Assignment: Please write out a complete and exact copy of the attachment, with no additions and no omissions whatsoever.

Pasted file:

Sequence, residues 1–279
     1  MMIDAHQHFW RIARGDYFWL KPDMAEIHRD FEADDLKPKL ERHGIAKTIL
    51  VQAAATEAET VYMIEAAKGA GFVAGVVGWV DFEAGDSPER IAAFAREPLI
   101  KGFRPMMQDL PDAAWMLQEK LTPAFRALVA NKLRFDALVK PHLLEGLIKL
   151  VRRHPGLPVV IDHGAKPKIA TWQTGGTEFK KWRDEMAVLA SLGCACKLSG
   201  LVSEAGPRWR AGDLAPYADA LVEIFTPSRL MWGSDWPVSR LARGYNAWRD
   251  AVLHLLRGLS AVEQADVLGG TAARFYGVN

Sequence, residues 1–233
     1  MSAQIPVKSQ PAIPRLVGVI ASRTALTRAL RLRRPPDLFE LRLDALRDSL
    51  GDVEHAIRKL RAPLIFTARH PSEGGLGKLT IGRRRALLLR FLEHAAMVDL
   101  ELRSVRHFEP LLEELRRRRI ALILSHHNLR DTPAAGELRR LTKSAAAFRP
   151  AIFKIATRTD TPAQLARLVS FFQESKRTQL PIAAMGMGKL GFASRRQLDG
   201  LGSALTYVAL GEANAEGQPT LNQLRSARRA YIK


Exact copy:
Sequence, residues 1–279
     1  MMIDAHQHFW RIARGDYFWL KPDMAEIHRD FEADDLKPKL ERHGIAKTIL
    51  VQAAATEAET VYMIEAAKGA GFVAGVVGWV DFEAGDSPER IAAFAREPLI
   101  KGFRPMMQDL PDAAWMLQEK LTPAFRALVA NKLRFDALVK PHLLEGLIKL
   151  VRRHPGLPVV IDHGAKPKIA TWQTGGTEFK KWRDEMAVLA SLGCACKLSG
   201  LVSEAGPRWR AGDLAPYADA LVEIFTPSRL MWGSDWPVSR LARGYNAWRD
   251  AVLHLLRGLS AVEQADVLGG TAARFYGVN

Sequence, residues 1–233
     1  MSAQIPVKSQ PAIPRLVGVI ASRTALTRAL RLRRPPDLFE LRLDALRDSL
    51  GDVEHAIRKL RAPLIFTARH PSEGGLGKLT IGRRRALLLR FLEHAAMVDL
   101  ELRSVRHFEP LLEELRRRRI ALILSHHNLR DTPAAGELRR LTKSAAAFRP
   151  AIFKIATRTD TPAQLARLVS FFQESKRTQL PIAAMGMGKL GFASRRQLDG
   201  LGSALTYVAL GEANAEGQPT LNQLRSARRA YIK